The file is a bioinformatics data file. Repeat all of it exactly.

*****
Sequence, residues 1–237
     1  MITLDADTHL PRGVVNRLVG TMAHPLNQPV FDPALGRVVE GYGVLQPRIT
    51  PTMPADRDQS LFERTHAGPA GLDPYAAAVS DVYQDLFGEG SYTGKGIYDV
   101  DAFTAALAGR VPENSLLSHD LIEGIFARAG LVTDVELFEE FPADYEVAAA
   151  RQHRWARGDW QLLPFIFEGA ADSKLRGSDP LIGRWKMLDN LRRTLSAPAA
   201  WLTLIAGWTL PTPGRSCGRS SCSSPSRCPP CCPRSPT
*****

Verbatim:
Sequence, residues 1–237
     1  MITLDADTHL PRGVVNRLVG TMAHPLNQPV FDPALGRVVE GYGVLQPRIT
    51  PTMPADRDQS LFERTHAGPA GLDPYAAAVS DVYQDLFGEG SYTGKGIYDV
   101  DAFTAALAGR VPENSLLSHD LIEGIFARAG LVTDVELFEE FPADYEVAAA
   151  RQHRWARGDW QLLPFIFEGA ADSKLRGSDP LIGRWKMLDN LRRTLSAPAA
   201  WLTLIAGWTL PTPGRSCGRS SCSSPSRCPP CCPRSPT